Here you will find basic info on CD-R Technology

CDR Basics

Are you considering purchasing a CD recorder or rewritable but are confused about the difference? CD recording technology changes quickly, and it's easy to get confused.

A CD-Recorder (also called CD-R drive, CD burner or CD writer) can record (write, burn) to one blank CD-Recordable disk at a time. The disk can be used once only, although with the proper settings in supported software, you can add to the disk in more than one recording session until it is full. This is called "multisession" recording. The disk cannot be erased and used again, however.

CD-Rewritable drives (CD-RW) make it possible to erase what you have previously recorded and re-record again over the top of it. How many times you can do this depends on the specifications of the disks being used. Some disks claim that you can erase and rewrite up to 1,000 times! However, you must use rewritable media (CD-RW) which is different than standard CD recording media (CD-R).

Okay, so you purchase a burner, but before you worry about media, you have to hook it up. If you are using a Windows system with a Pentium processor and purchase an IDE-compatible recorder, you will probably connect it to your IDE (Intelligent Drive Electronics) interface which is the same interface to which your hard disk is connected. Most systems will have two interfaces and can therefore support two devices.

There are come external CD writers that can be hooked up to your parallel port (normally used for printers). If you purchase one of these CD drives, see the manufacturer's instructions for installation.

SCSI: The Standard for CDR/W

Many high speed drives are SCSI-based. SCSI stands for Small Computers System Interface. To use these drives, you will need to install a SCSI adapter (also called a card) inside your computer. With a SCSI adapter you can also hook up other SCSI type devices like extra hard drives, scanners, Zip or Jaz drives. SCSI devices usually are faster than IDE devices.

If you are using a Macintosh, hook your drive up to your external SCSI port (although some Power Macs and other models may support an internal drive - see your manufacturer). The iMac has a USB port - not a SCSI port. At the time of this writing, there are no CD recorders available with a USB port. One of the problems is that the sustained data transfer rate of the USB port on the iMac is not fast enough for a 4X recorder. This produces buffer underrun and results in "coasters" - CDs that are useless!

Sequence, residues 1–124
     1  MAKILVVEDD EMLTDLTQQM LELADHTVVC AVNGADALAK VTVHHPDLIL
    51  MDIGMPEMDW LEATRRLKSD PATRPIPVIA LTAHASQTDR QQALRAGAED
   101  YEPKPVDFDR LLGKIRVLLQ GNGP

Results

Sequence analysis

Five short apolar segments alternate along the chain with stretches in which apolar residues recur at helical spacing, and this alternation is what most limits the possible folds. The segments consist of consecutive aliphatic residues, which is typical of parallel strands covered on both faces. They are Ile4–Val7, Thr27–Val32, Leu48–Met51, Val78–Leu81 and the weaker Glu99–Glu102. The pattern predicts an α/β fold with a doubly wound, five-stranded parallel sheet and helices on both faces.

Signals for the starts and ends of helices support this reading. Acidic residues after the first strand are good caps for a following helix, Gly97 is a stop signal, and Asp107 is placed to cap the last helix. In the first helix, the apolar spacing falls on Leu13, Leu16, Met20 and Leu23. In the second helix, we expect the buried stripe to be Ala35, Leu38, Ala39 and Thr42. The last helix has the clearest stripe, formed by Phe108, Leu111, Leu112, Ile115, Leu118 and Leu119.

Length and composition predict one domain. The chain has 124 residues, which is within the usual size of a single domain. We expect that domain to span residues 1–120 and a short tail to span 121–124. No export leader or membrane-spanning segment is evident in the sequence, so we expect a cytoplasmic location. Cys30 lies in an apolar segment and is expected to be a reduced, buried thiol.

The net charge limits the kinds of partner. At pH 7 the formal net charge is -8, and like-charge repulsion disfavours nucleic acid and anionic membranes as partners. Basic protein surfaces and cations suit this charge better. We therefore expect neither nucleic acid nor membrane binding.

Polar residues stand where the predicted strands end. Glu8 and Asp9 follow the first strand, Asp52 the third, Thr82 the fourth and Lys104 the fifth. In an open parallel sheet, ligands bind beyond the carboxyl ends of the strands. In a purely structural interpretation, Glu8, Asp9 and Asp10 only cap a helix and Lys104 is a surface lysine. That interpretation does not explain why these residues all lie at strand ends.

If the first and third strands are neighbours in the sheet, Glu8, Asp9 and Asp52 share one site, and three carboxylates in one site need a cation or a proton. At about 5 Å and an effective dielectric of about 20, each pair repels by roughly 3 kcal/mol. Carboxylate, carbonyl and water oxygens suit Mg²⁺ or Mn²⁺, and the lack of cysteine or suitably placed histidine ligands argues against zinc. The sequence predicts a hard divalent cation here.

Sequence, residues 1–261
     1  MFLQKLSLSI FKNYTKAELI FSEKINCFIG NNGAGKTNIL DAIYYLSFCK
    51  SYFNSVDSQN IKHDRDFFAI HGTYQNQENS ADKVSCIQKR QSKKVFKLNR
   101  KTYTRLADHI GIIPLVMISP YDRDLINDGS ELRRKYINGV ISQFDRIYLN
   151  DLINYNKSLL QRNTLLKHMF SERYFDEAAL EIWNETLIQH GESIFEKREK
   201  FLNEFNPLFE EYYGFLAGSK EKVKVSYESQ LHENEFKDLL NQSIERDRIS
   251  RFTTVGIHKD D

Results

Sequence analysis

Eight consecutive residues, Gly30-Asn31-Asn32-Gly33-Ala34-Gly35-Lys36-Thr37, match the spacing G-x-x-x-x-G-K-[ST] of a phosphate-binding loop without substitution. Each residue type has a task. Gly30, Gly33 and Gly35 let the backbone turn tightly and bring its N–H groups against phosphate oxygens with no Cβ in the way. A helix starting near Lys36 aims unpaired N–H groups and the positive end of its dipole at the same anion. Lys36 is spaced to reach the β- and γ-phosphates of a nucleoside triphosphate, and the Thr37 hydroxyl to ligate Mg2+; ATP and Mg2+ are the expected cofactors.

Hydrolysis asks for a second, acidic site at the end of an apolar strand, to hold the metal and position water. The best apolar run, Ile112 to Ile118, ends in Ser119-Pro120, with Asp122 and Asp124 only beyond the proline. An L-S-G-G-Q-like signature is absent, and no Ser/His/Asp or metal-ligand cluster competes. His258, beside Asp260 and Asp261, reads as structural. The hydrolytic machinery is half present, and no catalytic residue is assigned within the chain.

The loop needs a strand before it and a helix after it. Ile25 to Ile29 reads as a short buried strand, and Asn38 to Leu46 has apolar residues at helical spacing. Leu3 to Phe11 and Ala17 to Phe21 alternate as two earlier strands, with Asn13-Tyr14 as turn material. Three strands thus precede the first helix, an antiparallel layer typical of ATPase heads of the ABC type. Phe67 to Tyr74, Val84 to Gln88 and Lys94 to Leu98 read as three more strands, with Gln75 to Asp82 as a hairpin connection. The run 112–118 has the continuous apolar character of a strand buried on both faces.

Both CD-R and CD-RW disks will hold up to 650 Mb of data or 74 minutes of audio, although we now have CD-R disks that will hold up to 700+ Mb of data and 80 minutes of audio.

The length of time it takes to record (write) a disk depends on how much data or how many minutes of audio you have and the speed of your CD recorder or rewritable. If, for example, you have a full 650 Mb of data or 74 minutes of audio, at single speed it would take 74 minutes to record. A 2X recorder (recording at double speed), it would take 37 minutes to record. If you have a 4X recorder (recording at quadruple speed), it would take 18.5 minutes.

Some recording software (also called pre-mastering software) have a feature that allows you to verify the data you have written against your source file (disk from which you are recording), and that will take a little longer.



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